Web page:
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I am running a server with 24G of RAM. The only thing running here is a MySQL server configured as Master.

When I check the memory via free -m I am getting this:

             total       used       free     shared    buffers     cached
Mem:         24158      24027        131          0        131      23050

Approx. 23G is in cache. Which seems a lot to me.

I also set caching to 0 in the my.cnf

query_cache_size        = 0

How can I check what is exactly cached? Also a restart of mysql doesn't clear the cache. A flush tables also didn't help.

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marked as duplicate by Michael Hampton Aug 6 at 4:23

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If you want the computer to use less RAM, remove some RAM from the computer. It's not like if you use only 12GB today you can use 36GB tomorrow. –  David Schwartz Dec 30 '11 at 3:24

2 Answers 2

up vote 5 down vote accepted

You're looking at two different caches. free -m tells you how much memory the operating system is using for the disk cache, not how much MySQL is using for the database cache. And the operating system should be using as much memory as it can for the disk cache -- why wouldn't you want as big a cache as possible? That memory is always available to be used if an application needs it. See here for a good discussion of Linux memory usage for caching.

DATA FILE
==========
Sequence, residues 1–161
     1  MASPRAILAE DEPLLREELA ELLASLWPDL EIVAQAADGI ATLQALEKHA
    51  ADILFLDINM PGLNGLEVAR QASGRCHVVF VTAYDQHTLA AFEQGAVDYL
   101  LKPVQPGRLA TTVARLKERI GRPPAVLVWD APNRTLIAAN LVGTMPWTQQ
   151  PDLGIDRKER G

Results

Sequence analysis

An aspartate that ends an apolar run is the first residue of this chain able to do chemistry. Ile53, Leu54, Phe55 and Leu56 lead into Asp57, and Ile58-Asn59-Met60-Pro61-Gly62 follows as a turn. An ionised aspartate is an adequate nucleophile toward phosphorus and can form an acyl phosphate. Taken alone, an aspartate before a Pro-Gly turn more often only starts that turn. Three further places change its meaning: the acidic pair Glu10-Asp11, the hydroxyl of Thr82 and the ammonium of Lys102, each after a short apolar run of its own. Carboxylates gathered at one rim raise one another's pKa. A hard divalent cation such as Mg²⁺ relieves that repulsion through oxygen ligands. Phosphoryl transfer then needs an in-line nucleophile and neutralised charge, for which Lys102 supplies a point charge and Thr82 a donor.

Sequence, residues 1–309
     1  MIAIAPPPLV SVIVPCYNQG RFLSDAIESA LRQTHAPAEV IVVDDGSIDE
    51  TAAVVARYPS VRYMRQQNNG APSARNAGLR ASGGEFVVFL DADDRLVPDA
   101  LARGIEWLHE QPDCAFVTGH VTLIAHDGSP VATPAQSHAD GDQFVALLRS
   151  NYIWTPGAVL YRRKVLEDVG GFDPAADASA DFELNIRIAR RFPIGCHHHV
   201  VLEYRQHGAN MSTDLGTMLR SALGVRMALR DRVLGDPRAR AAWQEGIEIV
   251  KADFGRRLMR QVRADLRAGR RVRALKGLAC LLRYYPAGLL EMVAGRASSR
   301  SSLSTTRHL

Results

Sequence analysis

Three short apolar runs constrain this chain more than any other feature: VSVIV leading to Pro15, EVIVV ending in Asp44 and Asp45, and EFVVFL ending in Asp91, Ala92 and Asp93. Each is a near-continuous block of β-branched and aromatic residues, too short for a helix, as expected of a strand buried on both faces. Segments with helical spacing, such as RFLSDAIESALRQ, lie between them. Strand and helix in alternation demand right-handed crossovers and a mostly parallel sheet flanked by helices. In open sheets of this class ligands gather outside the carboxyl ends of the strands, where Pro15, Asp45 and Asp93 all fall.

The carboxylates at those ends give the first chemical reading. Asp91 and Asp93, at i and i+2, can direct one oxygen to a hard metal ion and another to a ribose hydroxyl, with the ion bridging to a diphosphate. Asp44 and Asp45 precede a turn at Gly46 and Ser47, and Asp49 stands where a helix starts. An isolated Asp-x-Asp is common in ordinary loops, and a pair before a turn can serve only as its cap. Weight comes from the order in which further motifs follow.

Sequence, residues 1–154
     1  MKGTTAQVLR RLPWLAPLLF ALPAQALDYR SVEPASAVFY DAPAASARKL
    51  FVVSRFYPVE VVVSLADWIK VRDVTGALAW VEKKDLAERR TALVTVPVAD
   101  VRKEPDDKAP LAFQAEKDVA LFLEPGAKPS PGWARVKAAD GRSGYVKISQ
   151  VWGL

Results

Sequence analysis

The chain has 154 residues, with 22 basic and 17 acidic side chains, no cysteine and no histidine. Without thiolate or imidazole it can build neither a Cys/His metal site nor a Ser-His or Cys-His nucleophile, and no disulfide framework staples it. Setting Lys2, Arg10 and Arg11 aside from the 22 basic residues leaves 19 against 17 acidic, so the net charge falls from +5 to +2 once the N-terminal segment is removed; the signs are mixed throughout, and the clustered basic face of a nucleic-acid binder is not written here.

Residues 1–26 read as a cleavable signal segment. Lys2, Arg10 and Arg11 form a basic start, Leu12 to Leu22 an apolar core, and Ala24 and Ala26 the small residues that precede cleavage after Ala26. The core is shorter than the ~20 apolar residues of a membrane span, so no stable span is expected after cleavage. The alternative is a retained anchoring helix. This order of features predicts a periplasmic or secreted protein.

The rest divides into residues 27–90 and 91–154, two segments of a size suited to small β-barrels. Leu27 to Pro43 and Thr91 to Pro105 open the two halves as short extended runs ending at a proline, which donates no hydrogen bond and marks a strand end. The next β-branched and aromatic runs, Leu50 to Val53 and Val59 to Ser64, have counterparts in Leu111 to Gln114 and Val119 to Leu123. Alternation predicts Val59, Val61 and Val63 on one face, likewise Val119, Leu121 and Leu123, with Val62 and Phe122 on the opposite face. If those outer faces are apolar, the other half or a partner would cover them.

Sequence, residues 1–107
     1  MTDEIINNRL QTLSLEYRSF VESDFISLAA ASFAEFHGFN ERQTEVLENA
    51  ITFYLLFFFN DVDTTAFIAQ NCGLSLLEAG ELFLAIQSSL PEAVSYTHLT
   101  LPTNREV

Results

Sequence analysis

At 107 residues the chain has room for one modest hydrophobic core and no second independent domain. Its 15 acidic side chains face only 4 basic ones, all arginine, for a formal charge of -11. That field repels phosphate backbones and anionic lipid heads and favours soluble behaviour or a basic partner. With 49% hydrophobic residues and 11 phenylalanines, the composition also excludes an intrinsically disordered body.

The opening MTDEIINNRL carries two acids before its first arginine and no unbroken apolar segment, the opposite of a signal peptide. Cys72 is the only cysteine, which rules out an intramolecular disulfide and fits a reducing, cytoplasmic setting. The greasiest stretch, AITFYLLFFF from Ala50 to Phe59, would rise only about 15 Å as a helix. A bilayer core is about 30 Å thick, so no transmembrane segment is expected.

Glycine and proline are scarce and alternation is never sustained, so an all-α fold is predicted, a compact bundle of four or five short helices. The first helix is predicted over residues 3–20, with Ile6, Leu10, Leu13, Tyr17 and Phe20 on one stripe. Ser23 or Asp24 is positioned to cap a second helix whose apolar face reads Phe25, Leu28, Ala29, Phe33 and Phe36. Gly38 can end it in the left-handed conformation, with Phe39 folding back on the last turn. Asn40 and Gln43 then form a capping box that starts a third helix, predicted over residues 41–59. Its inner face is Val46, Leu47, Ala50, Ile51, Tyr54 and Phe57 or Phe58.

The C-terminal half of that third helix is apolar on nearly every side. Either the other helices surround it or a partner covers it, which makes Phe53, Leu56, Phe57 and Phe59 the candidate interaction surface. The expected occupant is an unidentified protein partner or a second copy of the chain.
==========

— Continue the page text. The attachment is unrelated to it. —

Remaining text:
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Thanks a lot for this explanation and the fine link. –  High6 Dec 29 '11 at 18:38
This is precisely why 'free -m' has more lines of output, after the one that you showed above; the stuff after "+/- buffers/cache" shows how much RAM is actually being used. –  Keith Dec 30 '11 at 15:02

This means that almost all the memory is used by the kernel to cache data. You have probably almost idle system, so it doesn't matter so much, but to optimize it, you should look at the mysql config...

If you think you can benefit from query-cache, enable it and give it for example 128 MB. Then you can check in mysql how it is utilized. If you run mostly SELECT queries and not many INSERT/UPDATE, the query cache may be good for you. It very rarely causes issues, so you can safely leave it enabled.

Then if you are using MyISAM storage engine, so should enable some memory via kay_buffer variable. If using InnoDB, the general advise is to give 50-80% of available memory to innodb_buffer_pool_size (if this is dedicated mysql server). Mysql and InnoDB know better what exactly to cache than the linux kernel.

For freeing mysql (read) caches, I think only mysql restart helps. To free system caches, use command:

echo 3 > /proc/sys/vm/drop_caches


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